Memphis, Tenn., Sept 13th 1865.
Statement of Archy Vaughn. Last spring  I was living with Bartlet Ciles about 8 miles from Somerville–near McCulloughs and one eving some Confederate soldiers or Guerillas came along and he told me to feed their horses. and I was at the barn gitting corn. and staied longer than he thought I should and when I went back to the house–he told me he was going to whip me in the morning– that night I took an old mare and went to the ferry across Wolf River. I was going to Laffayette Depot to get into the federal lines and Andrew Johnson who lives close to the ferry. took me and kept me until Billy Simons came along and he gave me to him to carry me back to Bartlet Ciles. When he Ciles took me down to the woods. and tied my hands, and pulled them over my knees and put a stick through under my knees. and then took his knife and castrated me and then cut off the lop of my left ear, he made a colord man named Dallas help hold me– he drove me off from his plantation some time in June–I think.
Archy X Vaughn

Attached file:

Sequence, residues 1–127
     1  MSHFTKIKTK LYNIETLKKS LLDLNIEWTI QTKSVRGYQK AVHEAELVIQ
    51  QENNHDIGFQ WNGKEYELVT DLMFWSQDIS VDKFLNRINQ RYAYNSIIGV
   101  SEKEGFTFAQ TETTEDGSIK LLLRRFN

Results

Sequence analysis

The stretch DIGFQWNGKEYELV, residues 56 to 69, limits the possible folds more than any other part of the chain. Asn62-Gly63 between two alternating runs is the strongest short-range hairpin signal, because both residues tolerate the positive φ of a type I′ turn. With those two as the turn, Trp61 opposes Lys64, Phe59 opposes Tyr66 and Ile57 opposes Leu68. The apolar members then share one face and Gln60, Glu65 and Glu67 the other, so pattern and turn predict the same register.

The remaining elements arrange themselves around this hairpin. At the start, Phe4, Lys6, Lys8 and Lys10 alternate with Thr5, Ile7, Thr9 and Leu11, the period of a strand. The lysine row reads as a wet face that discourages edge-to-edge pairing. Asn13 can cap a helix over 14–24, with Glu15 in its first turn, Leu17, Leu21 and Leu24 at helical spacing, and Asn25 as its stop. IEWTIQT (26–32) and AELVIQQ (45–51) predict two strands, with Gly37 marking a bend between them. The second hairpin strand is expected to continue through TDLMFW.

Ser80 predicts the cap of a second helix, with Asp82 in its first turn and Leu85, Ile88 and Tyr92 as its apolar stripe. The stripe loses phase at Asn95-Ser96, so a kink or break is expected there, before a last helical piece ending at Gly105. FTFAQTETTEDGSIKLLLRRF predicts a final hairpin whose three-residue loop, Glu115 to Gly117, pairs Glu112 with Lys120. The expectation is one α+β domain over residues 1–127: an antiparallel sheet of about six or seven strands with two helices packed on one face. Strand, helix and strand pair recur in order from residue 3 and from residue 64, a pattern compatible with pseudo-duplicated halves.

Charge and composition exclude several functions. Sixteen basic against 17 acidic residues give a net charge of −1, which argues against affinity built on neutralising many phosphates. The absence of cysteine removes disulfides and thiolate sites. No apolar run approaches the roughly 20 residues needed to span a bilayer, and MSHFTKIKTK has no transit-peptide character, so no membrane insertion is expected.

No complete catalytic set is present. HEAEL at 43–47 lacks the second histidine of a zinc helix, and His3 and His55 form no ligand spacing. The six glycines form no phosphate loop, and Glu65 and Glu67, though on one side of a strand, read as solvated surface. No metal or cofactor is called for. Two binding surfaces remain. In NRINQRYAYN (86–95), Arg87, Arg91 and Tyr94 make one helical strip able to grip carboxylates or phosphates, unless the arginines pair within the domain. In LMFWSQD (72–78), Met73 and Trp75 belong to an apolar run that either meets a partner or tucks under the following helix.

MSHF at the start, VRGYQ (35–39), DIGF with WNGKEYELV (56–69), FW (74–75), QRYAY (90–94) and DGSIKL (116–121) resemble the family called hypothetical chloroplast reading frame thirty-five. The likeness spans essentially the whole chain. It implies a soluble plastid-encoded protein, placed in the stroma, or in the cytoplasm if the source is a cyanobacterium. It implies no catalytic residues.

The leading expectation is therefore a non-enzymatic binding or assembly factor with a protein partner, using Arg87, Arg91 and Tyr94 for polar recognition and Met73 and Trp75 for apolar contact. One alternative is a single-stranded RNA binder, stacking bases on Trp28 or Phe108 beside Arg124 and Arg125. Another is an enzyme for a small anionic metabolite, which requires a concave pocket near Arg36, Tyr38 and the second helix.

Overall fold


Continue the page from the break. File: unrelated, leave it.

Affidavit of Archy Vaughn, 13 Sept. 1865, Affidavits & Statements, series 3545, Memphis TN Provost Marshal of Freedmen, Bureau of Refugees, Freedmen, & Abandoned Lands, Record Group 105, National Archives. The names of five witnesses to the assault are appended. Endorsements indicate that Freedmen's Bureau authorities in Memphis investigated the case but took no further action at that time. Early in 1866, however, the bureau superintendent at LaGrange, Tennessee, forwarded additional testimony in the case (a portion of which dated the incident as having taken place in January or February 1864) to the Tennessee assistant commissioner's headquarters. A staff officer replied: “One blushes for humanity when he reads the record you give of the case. You should arrest Kyle, fine him heavily, and compel him to pay exemplary damages to the boy. ‘Castration’ and ‘ear cropping’ are crimes which ought to call down the vengeance of the civil law, but the consciences of our civil authorities, in matters in which negroes are concerned, appear to be callous.” (S. H. Melcher to Lieut. J. F. Alden, 16 Jan. 1866, enclosing testimony in the case of Bureau vs. Bartlett Kyle, 16 Jan. 1866, M-19 1866, Registered Letters Received, series 3379, TN Assistant Commissioner, Bureau of Refugees, Freedmen, & Abandoned Lands, Record Group 105, National Archives; Bt. Lt. Col. J. E. Jacobs to S. H. Melcher, 28 Jan. 1866, vol. 9, p. 217, Press Copies of Letters Sent, series 3373, TN Assistant Commissioner, Bureau of Refugees, Freedmen, & Abandoned Lands, Record Group 105, National Archives.)